This Research Topic is part of a series: Natural products as an emerging therapeutic alternative for the treatment of anxiety and depression
Anxiety is an unpleasant state of tension, apprehension, or uneasiness, a fear that seems to arise from a sometimes unknown source. Disorders involving anxiety are the most common mental disturbances. Episodes of mild anxiety are common life experiences and do not warrant treatment. However, the symptoms of severe, chronic, debilitating anxiety may be treated with anti-anxiety drugs. Because many of the anti-anxiety drugs also cause some sedation, the same drugs often function clinically as both anxiolytic and hypnotic agents.
Depression is serious medical condition in which a person feels in a state of low mood and aversion to activity that can affect a person's thoughts, behavior, feelings and sense of well-being. People with depressed mood can feel sad, anxious, empty, hopeless, helpless, irritable, ashamed or restless. Although a number of synthetic drugs are being used as standard treatment for anxiety depression, they have adverse effects that can compromise the therapeutic treatments and patient's compliance. Unlike, synthetic medications, natural products are widely used across the globe due to their wide applicability and therapeutic efficacy associated with least side effects, which in turn has initiated the scientific research regarding the antidepressant activity.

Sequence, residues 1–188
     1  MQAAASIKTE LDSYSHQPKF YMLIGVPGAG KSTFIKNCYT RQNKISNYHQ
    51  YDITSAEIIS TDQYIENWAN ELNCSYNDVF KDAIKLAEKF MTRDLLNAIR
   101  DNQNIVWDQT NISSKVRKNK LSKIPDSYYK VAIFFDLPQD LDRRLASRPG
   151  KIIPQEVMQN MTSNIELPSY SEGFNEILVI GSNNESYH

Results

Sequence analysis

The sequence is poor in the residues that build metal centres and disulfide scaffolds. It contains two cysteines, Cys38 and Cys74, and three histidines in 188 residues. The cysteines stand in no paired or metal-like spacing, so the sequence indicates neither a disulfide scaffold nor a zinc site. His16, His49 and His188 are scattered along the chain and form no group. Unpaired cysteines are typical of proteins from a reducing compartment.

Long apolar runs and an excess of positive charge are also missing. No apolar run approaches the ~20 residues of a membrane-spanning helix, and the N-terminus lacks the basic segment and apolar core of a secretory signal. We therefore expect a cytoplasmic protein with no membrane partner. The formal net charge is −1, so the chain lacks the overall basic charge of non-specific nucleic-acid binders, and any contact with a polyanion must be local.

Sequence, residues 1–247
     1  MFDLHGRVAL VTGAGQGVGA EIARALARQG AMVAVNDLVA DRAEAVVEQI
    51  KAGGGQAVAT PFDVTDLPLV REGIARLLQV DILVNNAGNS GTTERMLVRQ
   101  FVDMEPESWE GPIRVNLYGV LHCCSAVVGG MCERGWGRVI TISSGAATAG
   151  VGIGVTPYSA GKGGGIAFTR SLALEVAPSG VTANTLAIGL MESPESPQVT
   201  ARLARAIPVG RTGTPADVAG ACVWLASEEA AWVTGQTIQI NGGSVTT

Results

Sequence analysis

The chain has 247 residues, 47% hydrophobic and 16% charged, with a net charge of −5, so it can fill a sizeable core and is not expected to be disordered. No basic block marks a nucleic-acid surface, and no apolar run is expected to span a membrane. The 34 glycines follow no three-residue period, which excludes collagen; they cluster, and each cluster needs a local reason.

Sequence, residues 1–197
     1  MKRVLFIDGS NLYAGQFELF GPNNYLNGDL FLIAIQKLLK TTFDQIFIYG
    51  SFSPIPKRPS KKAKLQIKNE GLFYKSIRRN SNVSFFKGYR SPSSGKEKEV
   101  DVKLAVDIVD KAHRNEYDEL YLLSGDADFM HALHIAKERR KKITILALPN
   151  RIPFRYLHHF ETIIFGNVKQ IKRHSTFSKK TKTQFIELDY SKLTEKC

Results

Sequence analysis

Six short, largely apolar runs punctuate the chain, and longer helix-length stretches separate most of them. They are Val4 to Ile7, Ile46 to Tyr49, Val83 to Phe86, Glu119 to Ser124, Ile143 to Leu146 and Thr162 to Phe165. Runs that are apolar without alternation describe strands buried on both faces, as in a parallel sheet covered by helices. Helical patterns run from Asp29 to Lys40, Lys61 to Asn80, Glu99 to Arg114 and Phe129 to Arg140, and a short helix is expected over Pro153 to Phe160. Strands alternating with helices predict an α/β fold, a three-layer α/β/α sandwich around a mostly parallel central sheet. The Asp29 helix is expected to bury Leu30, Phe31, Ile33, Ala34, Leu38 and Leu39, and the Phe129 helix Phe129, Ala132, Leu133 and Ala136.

Starting from these premises, the purpose of this special issue is to stimulate researchers around the world, working on natural products, to submit to this special issue review, research article or clinical trials regarding the use of natural products and/or natural-derived compounds as an emerging therapeutic alternative for the treatment of anxiety and depression.
We also want to highlight to authors, the composition incl. preparation must be stated unambiguously (including the amount of each drug in a polyherbal preparation and the extraction procedure) and the complete species and drug name must be included.
All the manuscripts submitted to the collection will need to fully comply with the Four Pillars of Best Practice in Ethnopharmacology
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